"This immersive Pollock effect is here radically reversed — as we encounter his modest-in-scale work after a lengthy, massively engulfing walk through the Palazzo Vecchio itself, with its extravagant connected room after room of Mannerist Grotesque murals, ceiling paintings and stucco. Most notably here was the Room of Lorenzo the Magnificent, covered, as it is, in immersive stucco murals (1556–1558) by Leonardo Ricciarelli, Giovanni Boscoli and Mariotto di Francesco based, supposedly, on drawings by the architect Bartolomeo Ammannati."

[read the entirety here]

Photographs taken only in moonlight by Alejandro Chaskielberg

The Buenos Aires-born photographer has fully replaced lighting equipment with the natural environment by taking images by the light of the full moon. His technique comes as a breath of fresh air to those familiar with photographic projects which aim to muster sympathy for subjects living in underprivileged areas; this is something else else entirely.

Alejandro spent two years photographing the locals living and working in the Paraná River Delta in Argentina, using his acquired method to take photographs which are ethereal and otherworldly, but maintain a kind of strength. It takes courage, a steady hand and a knowing eye to make long exposures work effectively, but Alejandro manages it with an admirable authenticity.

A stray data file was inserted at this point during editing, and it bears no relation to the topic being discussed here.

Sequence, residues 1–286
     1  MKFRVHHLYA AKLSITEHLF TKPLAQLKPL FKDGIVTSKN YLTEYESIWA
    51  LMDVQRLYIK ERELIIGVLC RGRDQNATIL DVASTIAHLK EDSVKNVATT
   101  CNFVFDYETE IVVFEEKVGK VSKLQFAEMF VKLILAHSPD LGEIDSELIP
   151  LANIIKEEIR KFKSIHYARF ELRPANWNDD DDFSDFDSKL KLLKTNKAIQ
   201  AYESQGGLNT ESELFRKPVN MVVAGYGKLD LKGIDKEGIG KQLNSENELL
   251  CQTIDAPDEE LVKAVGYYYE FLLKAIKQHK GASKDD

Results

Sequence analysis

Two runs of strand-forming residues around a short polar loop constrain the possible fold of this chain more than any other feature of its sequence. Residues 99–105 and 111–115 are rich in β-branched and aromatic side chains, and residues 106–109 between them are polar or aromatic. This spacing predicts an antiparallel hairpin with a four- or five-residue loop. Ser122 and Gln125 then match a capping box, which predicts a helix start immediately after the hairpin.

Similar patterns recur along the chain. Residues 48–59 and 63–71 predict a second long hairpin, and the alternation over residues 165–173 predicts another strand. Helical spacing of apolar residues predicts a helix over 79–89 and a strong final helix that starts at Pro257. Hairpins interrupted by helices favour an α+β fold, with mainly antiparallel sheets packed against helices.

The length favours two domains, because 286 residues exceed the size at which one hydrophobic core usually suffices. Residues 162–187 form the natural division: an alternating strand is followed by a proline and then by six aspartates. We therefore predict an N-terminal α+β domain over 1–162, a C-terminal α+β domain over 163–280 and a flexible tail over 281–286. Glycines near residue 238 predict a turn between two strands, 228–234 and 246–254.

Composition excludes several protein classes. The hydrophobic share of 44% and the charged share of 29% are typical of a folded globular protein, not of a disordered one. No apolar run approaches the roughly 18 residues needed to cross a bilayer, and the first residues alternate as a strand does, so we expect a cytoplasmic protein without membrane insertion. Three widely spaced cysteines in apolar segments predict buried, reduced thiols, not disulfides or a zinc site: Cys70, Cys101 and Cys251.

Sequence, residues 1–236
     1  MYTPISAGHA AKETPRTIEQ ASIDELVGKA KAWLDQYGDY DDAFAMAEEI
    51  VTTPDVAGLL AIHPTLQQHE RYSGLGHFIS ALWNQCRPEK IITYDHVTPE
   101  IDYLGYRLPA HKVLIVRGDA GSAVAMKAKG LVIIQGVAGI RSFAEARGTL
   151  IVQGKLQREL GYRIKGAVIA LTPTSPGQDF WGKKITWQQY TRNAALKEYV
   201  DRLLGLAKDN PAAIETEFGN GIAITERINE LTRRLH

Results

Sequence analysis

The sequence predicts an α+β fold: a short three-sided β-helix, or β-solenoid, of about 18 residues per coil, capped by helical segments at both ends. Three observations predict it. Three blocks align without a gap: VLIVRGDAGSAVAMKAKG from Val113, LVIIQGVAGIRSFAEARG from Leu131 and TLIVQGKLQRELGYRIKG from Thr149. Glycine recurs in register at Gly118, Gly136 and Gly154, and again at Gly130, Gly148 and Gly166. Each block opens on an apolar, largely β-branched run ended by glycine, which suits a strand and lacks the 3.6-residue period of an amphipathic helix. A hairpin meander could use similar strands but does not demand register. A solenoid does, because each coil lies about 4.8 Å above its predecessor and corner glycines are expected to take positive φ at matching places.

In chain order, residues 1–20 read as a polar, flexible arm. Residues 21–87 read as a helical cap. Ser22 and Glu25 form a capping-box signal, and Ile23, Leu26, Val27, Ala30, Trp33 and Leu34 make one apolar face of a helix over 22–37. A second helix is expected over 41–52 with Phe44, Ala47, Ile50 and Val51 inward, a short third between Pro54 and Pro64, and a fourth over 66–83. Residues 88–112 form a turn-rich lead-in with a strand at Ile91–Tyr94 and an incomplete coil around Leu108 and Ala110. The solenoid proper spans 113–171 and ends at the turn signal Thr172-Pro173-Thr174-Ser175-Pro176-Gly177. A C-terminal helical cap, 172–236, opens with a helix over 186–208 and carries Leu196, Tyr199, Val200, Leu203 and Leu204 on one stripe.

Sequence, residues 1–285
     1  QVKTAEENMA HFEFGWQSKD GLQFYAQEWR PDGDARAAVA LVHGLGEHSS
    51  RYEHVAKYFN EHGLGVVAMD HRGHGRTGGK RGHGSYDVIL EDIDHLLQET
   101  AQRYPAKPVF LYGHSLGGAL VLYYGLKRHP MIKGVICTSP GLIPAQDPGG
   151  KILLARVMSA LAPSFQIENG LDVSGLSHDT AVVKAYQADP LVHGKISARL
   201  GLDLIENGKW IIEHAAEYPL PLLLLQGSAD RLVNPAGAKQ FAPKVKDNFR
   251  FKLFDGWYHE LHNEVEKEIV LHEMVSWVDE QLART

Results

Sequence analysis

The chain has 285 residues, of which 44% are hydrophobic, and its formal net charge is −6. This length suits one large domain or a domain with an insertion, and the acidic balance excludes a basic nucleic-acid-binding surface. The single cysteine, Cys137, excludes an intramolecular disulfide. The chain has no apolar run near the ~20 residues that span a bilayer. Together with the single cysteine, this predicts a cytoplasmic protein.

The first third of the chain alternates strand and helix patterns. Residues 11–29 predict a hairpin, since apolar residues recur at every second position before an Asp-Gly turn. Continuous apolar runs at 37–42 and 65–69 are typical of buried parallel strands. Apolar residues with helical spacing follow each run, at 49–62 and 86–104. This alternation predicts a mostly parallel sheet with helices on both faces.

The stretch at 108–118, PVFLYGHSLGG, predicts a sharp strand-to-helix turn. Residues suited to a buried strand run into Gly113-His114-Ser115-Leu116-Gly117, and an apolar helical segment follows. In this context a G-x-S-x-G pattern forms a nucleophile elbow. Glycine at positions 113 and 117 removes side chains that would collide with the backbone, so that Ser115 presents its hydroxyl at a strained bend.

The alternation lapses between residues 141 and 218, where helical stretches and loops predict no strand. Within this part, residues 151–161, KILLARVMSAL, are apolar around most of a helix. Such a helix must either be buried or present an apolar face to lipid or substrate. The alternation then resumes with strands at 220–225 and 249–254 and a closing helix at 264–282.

[x]

"That a society is decentralized, that it uses solar or wind energy, that it is farmed organically, or that it reduces pollution - none of these measures by itself or even in limited combination with others makes an ecological society. Nor do piecemeal steps, however well-intended, even partially resolve problems that have reached a universal, global and catastrophic character. If anything, partial “solutions” serve merely as cosmetics to conceal the deep-seated nature of the ecological crisis. They thereby deflect public attention and theoretical insight from an adequate understanding of the depth and scope of the necessary changes."

Murray Bookchin, The Ecology of Freedom p. 67

(Source: probablyasocialecologist, via probablyasocialecologist)

"At 24, he already has the warm-hearted, resolute perspective of someone who has experienced the pain that life has to offer and knows, gloriously, that it goes on regardless. See channel ORANGE’s “Pilot Jones,” a love song (about a drug dealer) whose beginning, middle, and end is expressed in a single, melancholy couplet: “I know what I was on, I had a Pilot Jones / She took me high, then she took me home.” If Ocean writes epiphanies, it’s in lines like “I know what I was on”: in a world defined by smothered understanding and missed opportunities, knowing anything constitutes a victory."